Coronavirus Outbreak Impacting Crude Demand Forecasts

Wood Mackenzie expects the ongoing outbreak and disruption to the world’s second largest economy to be a one-off event, yet it could remove at least 500,000 B/D of crude demand in the short term.

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The outbreak of a novel coronavirus in China could reduce the country’s first quarter oil demand by more than 250,000 B/D. Because the virus has spread beyond China and is impacting other regions, the cumulative drop in global crude demand could be 500,000 B/D, according to oil and gas analysts at Wood Mackenzie. 

The projection comes amid unprecedented quarantine measures, affecting the movement of more than 50 million Chinese citizens. More than 200 people have died from the virus, and more than 9,700 have been infected within mainland China, according to official numbers.  

To prevent spreading the virus further, airlines around the world have in recent days also stopped flights to China or announced plans to do so. The World Health Organization declared the coronavirus outbreak a “Global Health Emergency” this week but called on governments to not overreact regarding international travel and trade. 

The best proxy that economist and analysts have for the coronavirus outbreak is the 2003 SARS outbreak, which also began in China. However, current cases of the new coronavirus have already exceeded the total number of SARS cases and China’s economy and transport sector have grown by multiple fold over the past 17 years.  

“Although the Chinese government has been taking action more swiftly in a more determined manner than in 2003, Chinese domestic and international transport activity is incomparably higher today and thus the impact may be larger,” said Yujiao Lei, a Wood Mackenzie consultant, in a statement. 

Based on current preventive measures, China’s crude demand during the SARS epidemic, Wood Mackenzie has made the following predictions about the impacts of the coronavirus outbreak: 

  • The ongoing coronavirus outbreak will likely be a one-off event, with its effect on oil demand focusing mainly on jet demand principally in China and to a lesser degree in East/Southeast Asia. The impact on the other regions will likely be relatively modest. 
  • Chinese overseas travel increased from 20 million in 2003 to around 150 million in 2018 in terms of person-times. In 2018, Asia (predominantly East/Southeast Asia) accounted for nearly 90% of Chinese overseas travels. As a survey shows that more than half of Chinese overseas travellers prefer group tours, the ban on tour packages will severely restrain the number of Chinese visitors to popular destinations in East/Southeast Asia, such as Japan and Thailand.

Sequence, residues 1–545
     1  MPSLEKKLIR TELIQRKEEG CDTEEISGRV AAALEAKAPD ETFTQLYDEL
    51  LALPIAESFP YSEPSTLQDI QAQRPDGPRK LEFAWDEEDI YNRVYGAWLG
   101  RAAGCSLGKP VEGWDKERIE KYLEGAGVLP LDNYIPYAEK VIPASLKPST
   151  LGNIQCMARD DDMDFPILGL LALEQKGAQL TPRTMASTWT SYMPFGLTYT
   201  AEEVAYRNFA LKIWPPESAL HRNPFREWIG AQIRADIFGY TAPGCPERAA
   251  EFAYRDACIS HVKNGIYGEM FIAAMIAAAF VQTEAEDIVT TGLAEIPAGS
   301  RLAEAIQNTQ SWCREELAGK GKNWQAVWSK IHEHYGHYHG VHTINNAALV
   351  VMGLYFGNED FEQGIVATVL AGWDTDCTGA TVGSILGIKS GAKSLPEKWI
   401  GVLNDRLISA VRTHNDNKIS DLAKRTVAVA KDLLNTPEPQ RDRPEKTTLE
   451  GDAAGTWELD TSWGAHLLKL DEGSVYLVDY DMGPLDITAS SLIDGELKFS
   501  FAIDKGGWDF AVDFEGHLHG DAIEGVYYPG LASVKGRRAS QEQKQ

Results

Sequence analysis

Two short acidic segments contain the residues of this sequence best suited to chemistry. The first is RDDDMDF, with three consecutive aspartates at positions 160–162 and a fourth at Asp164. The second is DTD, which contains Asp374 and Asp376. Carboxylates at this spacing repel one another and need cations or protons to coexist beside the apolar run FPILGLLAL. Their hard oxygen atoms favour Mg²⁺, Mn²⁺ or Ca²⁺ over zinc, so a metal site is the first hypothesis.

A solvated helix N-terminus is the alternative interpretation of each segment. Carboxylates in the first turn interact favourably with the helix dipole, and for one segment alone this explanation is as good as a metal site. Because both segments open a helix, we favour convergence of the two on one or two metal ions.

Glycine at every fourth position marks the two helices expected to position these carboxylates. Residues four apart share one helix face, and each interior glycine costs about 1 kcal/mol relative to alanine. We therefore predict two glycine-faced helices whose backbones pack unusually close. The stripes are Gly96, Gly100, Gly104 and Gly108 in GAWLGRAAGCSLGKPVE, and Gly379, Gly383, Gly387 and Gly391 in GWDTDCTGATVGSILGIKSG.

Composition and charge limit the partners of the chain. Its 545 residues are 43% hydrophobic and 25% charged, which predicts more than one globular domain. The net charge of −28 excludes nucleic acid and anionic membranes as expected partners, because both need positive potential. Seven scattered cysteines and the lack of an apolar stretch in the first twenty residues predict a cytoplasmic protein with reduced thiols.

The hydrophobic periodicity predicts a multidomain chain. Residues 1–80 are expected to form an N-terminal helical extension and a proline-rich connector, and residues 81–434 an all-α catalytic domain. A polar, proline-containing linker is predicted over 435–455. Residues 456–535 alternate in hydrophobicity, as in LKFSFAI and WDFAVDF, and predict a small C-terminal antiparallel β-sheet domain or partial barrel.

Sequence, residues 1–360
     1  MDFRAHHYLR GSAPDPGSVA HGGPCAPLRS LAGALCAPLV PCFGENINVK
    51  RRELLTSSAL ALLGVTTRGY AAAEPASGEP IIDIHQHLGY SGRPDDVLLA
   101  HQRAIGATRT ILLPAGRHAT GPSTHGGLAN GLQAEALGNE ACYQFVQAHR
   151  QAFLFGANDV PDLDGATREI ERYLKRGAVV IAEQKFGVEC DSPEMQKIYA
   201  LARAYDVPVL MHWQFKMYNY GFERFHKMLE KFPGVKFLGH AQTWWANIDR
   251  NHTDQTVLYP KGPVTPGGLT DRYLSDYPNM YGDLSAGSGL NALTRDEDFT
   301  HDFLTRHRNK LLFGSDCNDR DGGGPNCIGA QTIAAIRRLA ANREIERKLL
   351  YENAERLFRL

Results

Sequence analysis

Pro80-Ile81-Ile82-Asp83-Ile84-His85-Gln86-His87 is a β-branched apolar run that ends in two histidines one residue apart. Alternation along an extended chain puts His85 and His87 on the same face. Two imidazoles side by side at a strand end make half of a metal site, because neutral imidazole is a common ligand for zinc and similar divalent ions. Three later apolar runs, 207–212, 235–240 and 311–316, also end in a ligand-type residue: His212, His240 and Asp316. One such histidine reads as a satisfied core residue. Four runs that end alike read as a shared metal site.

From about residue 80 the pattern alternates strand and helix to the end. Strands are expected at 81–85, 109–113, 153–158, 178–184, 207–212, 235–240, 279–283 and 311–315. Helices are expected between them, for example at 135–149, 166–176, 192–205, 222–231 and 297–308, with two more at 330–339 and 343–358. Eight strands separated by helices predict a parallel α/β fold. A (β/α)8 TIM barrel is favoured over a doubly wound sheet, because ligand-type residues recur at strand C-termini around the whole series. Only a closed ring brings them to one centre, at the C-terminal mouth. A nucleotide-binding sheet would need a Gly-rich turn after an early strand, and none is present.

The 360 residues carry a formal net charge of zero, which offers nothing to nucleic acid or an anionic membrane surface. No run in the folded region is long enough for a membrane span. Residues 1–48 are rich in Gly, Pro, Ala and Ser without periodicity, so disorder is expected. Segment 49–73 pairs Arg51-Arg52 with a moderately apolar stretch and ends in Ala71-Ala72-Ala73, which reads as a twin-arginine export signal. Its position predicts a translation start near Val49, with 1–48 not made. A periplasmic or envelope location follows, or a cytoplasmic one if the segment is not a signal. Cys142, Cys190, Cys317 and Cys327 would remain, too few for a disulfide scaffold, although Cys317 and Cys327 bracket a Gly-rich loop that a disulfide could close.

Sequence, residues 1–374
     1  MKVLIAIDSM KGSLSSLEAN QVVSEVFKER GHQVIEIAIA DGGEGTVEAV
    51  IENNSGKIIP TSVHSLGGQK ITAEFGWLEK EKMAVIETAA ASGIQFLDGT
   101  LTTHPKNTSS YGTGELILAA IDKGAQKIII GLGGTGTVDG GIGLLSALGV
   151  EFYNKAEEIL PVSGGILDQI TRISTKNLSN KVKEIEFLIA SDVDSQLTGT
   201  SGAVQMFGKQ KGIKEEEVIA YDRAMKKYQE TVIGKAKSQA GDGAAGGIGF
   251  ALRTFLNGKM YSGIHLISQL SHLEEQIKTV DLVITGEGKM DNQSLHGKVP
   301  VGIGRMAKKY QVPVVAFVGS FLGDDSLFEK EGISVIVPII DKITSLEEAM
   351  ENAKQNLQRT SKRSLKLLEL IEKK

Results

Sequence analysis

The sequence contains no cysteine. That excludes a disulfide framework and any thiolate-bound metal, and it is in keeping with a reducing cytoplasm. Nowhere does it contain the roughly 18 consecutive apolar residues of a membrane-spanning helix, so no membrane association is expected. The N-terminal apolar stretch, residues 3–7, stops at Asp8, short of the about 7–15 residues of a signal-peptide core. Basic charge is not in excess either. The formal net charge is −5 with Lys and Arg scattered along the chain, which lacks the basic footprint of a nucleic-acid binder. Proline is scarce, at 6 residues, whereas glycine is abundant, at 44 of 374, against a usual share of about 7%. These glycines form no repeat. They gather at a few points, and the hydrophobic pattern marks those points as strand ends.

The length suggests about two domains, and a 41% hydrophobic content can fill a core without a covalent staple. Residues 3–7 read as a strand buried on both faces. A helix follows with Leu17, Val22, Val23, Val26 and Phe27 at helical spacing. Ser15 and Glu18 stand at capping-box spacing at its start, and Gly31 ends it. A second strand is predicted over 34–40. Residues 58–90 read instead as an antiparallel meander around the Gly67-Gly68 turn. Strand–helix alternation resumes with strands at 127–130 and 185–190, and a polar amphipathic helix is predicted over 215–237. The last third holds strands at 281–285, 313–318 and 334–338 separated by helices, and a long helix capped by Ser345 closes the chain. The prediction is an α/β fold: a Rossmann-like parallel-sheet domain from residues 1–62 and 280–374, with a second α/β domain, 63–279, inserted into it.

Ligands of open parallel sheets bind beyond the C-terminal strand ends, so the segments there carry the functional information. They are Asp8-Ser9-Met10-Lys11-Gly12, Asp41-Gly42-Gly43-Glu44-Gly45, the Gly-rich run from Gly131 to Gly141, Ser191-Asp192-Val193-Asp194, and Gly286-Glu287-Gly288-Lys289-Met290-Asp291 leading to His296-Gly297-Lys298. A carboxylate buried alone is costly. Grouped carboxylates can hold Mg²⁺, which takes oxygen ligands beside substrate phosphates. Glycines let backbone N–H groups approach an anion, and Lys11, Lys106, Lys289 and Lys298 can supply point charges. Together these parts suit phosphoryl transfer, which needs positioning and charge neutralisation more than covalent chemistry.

• Gasoline demand will likely be less affected by travel restrictions per ser, except in the areas where the use of cars is newly restricted as a preventive measure against the epidemic. Gasoline demand, though, will likely be more susceptible to precautions taken voluntarily by consumers and businesses to avoid large crowds. People’s reluctance to spend time in crowded areas would restrain retail businesses and social events, further discouraging consumers from making trips. Besides, many companies are encouraging telecommuting to their employees, reducing the need for driving too. 
  • As the imposed transport restrictions focus principally on public passenger transport, the impact on freight transport will likely depend on overall industrial and economic activity in China. If the severe transport restrictions such as those implemented in Wuhan linger, they would also restrain the affected local economy. Clusters of automotive manufacturing and high-tech industries are located in Wuhan, while Hubei Province accounts for over 4% of China’s GDP. Meanwhile, China’s diesel demand is led principally by road freight, and unlike in 2003 when China was in the middle of resource/materials-intensive industrialization, road diesel demand has been weakening already since 2019. This weakness would be exacerbated by a slowed economy. 
  • The impact on the use of petrochemical feedstock will likely depend mainly on the overall status of manufacturing as well as private consumption. Since China is a net importer of ethylene/propylene derivatives, if China’s domestic petrochemical demand slows, it will likely first lead to a reduction in imports of petrochemical goods, affecting global operation of derivative exporters to China. 
  • China’s total in-land oil demand (excluding the marine sector) to grow by 150,000 b/d year on year in Q1 2020, a downward revision by over 250,000 b/d from our previous outlook in the early January 2020. For jet, gasoline and diesel/gasoil combined, in particular, demand is expected to fall by 100,000 b/d in Q1 2020. The low growth in total demand compares with annual average growth for China of over 300,000 b/d in 2019. 
  • Based on the assumption that the current outbreak will be largely contained within the coming few months, China’s total demand is expected to gain strength especially in the second half of the year, led mainly by petrochemical feedstock. For 2020 in total, our current forecast is for the coronavirus to lower our forecast for global oil demand by more than 100,000 b/d on an annual average basis to a projected gain of 1.2 million b/d for the year, but the risks are clearly on the downside.